A clinical psychologist by the name of Jordan Peterson did a breakdown and tried to determine what other factors went into the wage gap. He found that there are a number of different factors that play a role in the issue and his findings determined that a lot have to do with personality. It is very important to note that this is a clinical psychologist and a professor at a University in Canada. He does not have any political agenda and he makes it very clear that he is not affiliated with any party. That being said, he was being interviewed by a news outlet known as 'Channel 4' and it is based in the UK. The interview was conducted by a woman named Cathy Newman and when she prompted him if it is unfair that women get paid less, he basically said that it depends on certain factors within one's own personality. He uses an example by saying that there is a personality trait known as agreeableness and those who have it are very polite and compassionate and people who have this trait tend to get paid less than those who do not have it. He says that women are more agreeable than men and that is not a generalization because there are certainly women who are assertive and get paid more than men (Channel4News). He knows this trait firsthand because as a psychologist, he has used assertiveness training in order to get rid of the agreeableness trait and by the time he is done with the therapy, the patients are usually very highly successful in both men and women. What we can conclude from this, is that generally, men have the tendency to be more assertive and more aggressive in the ways of getting to "the top". This is only one example. Other examples given are factors such as the obvious one, gender. There is no doubt that there is prejudice and gender makes up for a percentage in the pay gap, but it is not as big of a factor as it is made out to be. Another factor is the occupations chosen by men and women. As stated before, women tend to go into the fields of nursing, education, and office work, while men go into jobs such as truck driving, engineering and managerial duties. Generally speaking, jobs that are more dangerous such as being out in the oil rigs, firefighting, etc. women tend not to choose, and those are very well-paying jobs. Obviously, this is not the case for every man and women, it is a generalization, but a fact nonetheless.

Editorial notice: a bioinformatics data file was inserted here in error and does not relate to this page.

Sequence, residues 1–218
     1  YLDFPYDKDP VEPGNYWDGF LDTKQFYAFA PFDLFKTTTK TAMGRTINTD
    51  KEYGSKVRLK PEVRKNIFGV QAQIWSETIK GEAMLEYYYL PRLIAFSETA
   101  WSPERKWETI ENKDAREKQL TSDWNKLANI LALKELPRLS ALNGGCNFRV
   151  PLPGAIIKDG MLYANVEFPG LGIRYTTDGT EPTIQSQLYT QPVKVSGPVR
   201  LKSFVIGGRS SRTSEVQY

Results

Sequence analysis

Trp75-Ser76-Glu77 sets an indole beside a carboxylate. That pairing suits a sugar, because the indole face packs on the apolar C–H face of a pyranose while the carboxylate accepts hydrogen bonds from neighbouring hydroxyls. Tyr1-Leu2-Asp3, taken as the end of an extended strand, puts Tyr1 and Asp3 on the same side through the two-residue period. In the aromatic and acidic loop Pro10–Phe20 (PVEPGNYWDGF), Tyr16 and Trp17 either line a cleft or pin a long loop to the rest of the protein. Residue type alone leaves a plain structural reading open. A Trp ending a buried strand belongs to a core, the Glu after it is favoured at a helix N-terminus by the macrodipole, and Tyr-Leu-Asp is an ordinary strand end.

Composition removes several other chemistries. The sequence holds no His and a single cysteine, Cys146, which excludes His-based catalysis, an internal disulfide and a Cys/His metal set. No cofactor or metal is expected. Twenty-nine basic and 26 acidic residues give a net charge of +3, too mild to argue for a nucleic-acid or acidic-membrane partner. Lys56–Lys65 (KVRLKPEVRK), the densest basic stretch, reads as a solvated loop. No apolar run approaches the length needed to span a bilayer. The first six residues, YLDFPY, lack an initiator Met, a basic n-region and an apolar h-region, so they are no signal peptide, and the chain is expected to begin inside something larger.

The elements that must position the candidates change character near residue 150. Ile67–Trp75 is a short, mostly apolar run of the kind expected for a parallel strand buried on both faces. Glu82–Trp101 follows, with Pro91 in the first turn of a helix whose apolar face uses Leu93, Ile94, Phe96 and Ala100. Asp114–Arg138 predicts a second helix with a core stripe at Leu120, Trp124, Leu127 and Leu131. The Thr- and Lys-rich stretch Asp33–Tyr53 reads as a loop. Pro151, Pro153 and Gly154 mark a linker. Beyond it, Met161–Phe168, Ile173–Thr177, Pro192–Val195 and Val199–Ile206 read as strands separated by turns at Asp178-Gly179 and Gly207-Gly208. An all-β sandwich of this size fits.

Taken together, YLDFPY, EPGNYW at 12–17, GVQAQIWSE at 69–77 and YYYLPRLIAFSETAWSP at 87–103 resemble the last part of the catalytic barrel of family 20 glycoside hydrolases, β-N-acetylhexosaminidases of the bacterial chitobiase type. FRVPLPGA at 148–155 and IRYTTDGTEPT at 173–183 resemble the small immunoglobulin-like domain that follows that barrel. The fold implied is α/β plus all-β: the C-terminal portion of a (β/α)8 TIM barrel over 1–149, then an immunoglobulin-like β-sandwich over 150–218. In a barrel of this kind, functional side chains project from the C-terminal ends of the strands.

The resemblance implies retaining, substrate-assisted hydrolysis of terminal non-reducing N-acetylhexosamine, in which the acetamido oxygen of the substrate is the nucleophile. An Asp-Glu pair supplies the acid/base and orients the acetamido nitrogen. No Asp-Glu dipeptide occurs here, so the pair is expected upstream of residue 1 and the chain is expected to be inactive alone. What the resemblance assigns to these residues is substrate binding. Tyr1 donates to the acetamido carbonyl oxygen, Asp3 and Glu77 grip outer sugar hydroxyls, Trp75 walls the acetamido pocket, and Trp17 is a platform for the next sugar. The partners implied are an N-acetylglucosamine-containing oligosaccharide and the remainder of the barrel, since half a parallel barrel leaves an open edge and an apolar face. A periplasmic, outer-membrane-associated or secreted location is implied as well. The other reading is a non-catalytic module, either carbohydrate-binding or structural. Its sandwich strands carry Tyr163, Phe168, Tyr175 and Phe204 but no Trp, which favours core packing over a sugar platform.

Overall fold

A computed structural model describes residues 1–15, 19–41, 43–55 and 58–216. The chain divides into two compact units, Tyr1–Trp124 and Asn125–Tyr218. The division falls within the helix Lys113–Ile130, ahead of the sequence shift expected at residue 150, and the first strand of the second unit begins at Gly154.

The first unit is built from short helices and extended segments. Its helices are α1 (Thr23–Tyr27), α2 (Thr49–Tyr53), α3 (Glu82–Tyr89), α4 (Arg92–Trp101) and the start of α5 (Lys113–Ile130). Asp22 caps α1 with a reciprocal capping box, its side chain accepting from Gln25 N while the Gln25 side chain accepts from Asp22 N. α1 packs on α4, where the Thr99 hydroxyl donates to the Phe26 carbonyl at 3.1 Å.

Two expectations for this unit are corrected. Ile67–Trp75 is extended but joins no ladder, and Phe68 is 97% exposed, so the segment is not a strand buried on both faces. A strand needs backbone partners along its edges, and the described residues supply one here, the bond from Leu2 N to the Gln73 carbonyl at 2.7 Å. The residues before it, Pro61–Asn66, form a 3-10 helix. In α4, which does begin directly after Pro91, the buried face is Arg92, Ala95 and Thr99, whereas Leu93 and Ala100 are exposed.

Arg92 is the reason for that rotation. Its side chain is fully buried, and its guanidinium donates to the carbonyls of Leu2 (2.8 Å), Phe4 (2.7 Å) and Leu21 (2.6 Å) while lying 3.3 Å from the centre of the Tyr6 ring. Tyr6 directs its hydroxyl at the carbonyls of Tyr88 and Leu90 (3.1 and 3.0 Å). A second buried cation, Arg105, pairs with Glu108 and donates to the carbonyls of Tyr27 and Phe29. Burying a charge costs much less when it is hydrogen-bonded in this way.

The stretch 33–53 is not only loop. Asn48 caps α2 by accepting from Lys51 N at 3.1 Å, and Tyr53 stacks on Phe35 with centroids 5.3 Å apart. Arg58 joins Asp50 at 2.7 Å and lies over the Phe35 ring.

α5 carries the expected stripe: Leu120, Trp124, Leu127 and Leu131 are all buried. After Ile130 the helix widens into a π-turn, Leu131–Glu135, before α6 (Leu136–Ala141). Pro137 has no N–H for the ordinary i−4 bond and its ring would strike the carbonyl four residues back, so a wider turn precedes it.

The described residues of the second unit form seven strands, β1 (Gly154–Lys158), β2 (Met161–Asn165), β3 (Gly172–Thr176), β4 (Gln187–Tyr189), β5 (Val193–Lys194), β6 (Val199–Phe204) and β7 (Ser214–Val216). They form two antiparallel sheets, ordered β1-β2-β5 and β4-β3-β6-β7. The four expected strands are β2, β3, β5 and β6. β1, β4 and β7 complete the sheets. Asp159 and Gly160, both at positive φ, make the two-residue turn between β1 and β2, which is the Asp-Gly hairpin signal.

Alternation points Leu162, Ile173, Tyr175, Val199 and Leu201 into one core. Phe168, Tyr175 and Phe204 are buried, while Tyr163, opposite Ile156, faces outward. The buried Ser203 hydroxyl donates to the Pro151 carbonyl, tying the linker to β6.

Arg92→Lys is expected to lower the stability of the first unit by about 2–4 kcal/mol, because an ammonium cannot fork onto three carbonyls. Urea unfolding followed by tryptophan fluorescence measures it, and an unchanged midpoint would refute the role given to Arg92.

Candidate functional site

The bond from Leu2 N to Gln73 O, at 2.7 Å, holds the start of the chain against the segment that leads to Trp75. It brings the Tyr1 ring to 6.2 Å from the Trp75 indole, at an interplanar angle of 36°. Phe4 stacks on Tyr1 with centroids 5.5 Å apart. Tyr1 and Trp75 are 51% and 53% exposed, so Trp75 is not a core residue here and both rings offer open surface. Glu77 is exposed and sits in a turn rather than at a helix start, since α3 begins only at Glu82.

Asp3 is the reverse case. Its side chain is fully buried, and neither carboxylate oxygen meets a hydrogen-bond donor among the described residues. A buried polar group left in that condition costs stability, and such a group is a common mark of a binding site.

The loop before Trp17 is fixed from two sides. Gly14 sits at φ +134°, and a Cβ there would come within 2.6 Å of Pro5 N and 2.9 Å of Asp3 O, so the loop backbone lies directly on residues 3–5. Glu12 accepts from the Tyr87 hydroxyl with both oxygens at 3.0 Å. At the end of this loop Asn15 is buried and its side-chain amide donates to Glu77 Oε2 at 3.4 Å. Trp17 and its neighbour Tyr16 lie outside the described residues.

However, that is not to be said that there is one gender better than the other. Men and women both have their strengths and weaknesses. It is not a bad or sexist idea that one gender is better than the other at something. Men and women are built differently, so it makes sense that mostly men take up careers doing physically rigorous and dangerous jobs more often than women. Males are built very differently from females and there is nothing wrong with that. Women can give birth, men cannot. It is just a fact of life. It does not mean that females can not do the rigorous physical work, it just means it is less likely for them to have a career in that field, based off the statistics (Highlights). America is based off of equality of opportunity, not equality of outcome. So, when all we want is choices, people will go off and make their own decisions about the career fields they go into. There should not be an equality of outcome, otherwise there would be no need for anyone to try to work harder than anyone else if all of the outcomes end the same way.

That being said, it is critical to hear the other sides argument. There are a lot of places to cover, so it is impossible to cover all of their arguments fairly. However, one of the major complaints that is most recurring is that there are not enough women in STEM (Science, Technology, Engineering, Math) fields. Many sources claim that it is due to gender bias and stereotyping as well as the current state of the science and engineering fields (Bensidoun). This is true to some degree. Many girls growing up are not encouraged to go into fields such as science and engineering. There are also many stereotypes surrounding women in those fields. For example, there is a stereotype that women are not good at math so a woman taking a math test might think about those implicit biases and feel more pressure than usual. Another major issue at hand is the fact that women are associated with being more agreeable in the workplace. So, when a woman shows assertiveness or dominance, they are called names that are usually demeaning when a woman is associated with being powerful. When a woman acts that way, sometimes they are looked at funny, or in the worst-case scenarios, punished for being too forceful. A lot of women say they feel like they get punished for behaving the same way as a man does in the workplace. These are stereotypes that need to be broken down for women to feel extreme confidence. Women also feel like they are pressured to take time off of work for maternity leave. They feel like society places an obligation on their heads to take more time off of work when their kids are born, causing them to get behind on their work and consequently their wages. This brings up more of a problem in the American workplace about paid maternity leave. In 2017, only about 15 percent of U.S. workers got any paid family leave (Greenfield). This is the real problem. Families should not be punished or docked pay for taking care of newborns or sick kids. Neither should women or men feel bad or punished for taking time off work and putting their work career on hold temporarily. Everyone has family duties outside of work and workplaces in America should recognize that. This makes up for only part of the earnings gap between men and women.